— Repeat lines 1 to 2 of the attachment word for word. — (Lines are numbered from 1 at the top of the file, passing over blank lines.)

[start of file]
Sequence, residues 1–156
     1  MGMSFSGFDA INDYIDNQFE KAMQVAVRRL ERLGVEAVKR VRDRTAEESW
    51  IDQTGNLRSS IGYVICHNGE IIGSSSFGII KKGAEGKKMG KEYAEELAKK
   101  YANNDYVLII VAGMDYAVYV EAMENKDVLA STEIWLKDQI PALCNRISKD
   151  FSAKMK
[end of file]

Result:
Sequence, residues 1–156
     1  MGMSFSGFDA INDYIDNQFE KAMQVAVRRL ERLGVEAVKR VRDRTAEESW